Eid Al-Fitr is upon us, but this year will be unlike any Eid before it.
In his fourth Majlis Mohamed bin Zayed, broadcast on Al Emarat Channel, Sheikh Mohamed bin Zayed gathered frontline workers and asked them about their experience working to combat Covid-19, praising them as role models for the rest of the nation.
The Crown Prince of Abu Dhabi and Deputy Supreme Commander of the Armed Forces also reminded those watching that “There is no despair in our dictionary,” instead offering a message of hope and inspiration for the future.
“I want to say, God willing, come Eid-al-Fitr next year, we will all be blessed with good health and happiness, with you, our countries and the entire world better,” he said.
Sheikh Mohamed also reminded everyone of their collective responsibility over Eid-Al-Fitr, which starts on Saturday evening.
“So what I ask of our residents and citizens is to stay home during the last week of Ramadan and during Eid, especially for older people, children and people with special needs,” he said.
“I know it is hard but for us but it means saving lives. For us, it means keeping our loved ones safe.
“We do not want everything that we did in the past months to be in vain due to a simple mistake that would cost us too much.”
Residents are heading into Eid with a series of restrictions: family gatherings are banned, social distancing remains very much in place and the nightly sanitization program has been extended by two hours as of May 20, beginning now at 8pm instead of 10pm. For those living in labourers’ camps, it starts even earlier, at 6pm.
Families will be exchanging many of their greetings and good wishes with family and friends via Zoom and staying home for their meals.
Children especially look forward to receiving Eid gifts from relatives and no one is suggesting that they go without this year. The advice from Dr Mohammed Al Dhaferi, spokesman for the National Emergency, Crisis and Disaster Management Authority is not hand out gifts personally but to transfer money online or set up pre-loaded debit cards for them. If it has to be cash, use new paper bills that have been thoroughly sanitized.
The same goes for charity donations: contribute by text or online.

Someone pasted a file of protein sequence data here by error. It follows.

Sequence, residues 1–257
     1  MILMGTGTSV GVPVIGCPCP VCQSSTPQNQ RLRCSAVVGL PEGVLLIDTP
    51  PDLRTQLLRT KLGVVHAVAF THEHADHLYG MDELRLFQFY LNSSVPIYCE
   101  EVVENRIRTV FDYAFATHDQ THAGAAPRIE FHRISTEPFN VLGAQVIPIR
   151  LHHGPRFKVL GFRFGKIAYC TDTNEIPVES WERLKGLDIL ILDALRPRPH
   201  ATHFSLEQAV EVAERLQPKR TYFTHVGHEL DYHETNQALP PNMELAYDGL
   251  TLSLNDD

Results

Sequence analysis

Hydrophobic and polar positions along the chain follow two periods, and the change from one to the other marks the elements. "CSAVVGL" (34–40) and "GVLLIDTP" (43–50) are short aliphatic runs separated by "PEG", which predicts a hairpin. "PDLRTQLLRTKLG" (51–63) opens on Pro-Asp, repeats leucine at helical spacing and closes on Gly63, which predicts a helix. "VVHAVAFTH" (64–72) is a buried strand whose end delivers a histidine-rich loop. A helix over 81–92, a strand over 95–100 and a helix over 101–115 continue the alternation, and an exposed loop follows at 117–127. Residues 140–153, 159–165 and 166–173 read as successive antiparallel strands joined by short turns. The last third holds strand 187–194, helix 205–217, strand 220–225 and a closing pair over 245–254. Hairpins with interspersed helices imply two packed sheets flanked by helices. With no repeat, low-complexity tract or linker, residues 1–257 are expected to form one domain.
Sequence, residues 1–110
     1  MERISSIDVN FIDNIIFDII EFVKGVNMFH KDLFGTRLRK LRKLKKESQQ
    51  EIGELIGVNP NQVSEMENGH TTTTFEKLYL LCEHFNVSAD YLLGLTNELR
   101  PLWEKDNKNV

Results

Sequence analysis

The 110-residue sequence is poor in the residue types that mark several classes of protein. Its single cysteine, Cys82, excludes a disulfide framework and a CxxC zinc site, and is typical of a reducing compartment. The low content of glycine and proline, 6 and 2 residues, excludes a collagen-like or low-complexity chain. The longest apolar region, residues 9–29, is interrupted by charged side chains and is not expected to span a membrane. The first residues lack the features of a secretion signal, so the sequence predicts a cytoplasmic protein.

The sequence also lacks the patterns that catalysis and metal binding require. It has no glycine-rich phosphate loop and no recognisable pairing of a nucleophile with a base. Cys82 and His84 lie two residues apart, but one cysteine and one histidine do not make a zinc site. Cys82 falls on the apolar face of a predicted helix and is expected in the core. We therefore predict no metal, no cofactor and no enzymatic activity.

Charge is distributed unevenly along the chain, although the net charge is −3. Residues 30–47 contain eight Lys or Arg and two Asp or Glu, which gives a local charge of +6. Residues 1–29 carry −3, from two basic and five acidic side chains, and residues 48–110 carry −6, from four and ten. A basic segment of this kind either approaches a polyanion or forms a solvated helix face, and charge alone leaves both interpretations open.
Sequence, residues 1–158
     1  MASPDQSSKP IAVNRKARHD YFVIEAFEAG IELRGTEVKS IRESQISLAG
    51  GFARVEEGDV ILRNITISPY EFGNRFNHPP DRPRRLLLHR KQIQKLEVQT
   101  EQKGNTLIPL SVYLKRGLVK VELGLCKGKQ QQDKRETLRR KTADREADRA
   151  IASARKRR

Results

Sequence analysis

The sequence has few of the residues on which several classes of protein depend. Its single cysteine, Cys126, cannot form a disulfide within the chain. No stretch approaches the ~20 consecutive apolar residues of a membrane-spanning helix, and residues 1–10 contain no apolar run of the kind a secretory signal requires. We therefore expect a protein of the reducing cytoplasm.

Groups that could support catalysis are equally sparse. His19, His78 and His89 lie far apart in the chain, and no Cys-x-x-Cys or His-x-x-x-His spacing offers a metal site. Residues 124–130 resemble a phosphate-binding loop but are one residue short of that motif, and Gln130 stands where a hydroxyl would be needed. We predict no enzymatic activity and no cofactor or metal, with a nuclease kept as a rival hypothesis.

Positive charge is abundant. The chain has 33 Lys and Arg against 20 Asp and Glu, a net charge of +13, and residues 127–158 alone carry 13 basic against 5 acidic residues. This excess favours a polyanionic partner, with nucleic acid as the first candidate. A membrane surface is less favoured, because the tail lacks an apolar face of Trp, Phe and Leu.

Anyone caught violating the rules also faces tougher fines; Dh3,000 for venturing outside without a mask, Dh50,000 for anyone who ignores orders to go into quarantine, Dh10,000 for organizing a gathering (even if it’s for family) and Dh5,000 for anyone attending it.
The fact is that Ramadan has brought a spike in the number of infections, taking the total up to more than 26,000 by May 21. This is in part due to doubling the number of tests carried out daily, but not entirely.
“In Ramadan there has been an increase in cases as a result of some individuals who were reckless and didn’t take into account the precautionary measures,” said Dr Al Dhaferi.
Shopping malls are reverting to shorter hours during Eid and will be open from 9am to 7pm but the number of shoppers allowed in at any one time will be limited and shopping time is also limited to two hours per person. Supermarkets can operate outside those hours but for deliveries only.
In Dubai, where restrictions have been even stricter than in Abu Dhabi, residents can enjoy the great outdoors again as 70 parks reopened on May 18. But visitors must wear masks and gloves and show no symptoms of the virus.
The Covid-19 situation is fast-changing. For the most up-date-information, rely on the UAE government’s official social media channels and websites.
Anna Pukas has reported from all over the world as a foreign correspondent for British media. She is now an editor based in Abu Dhabi.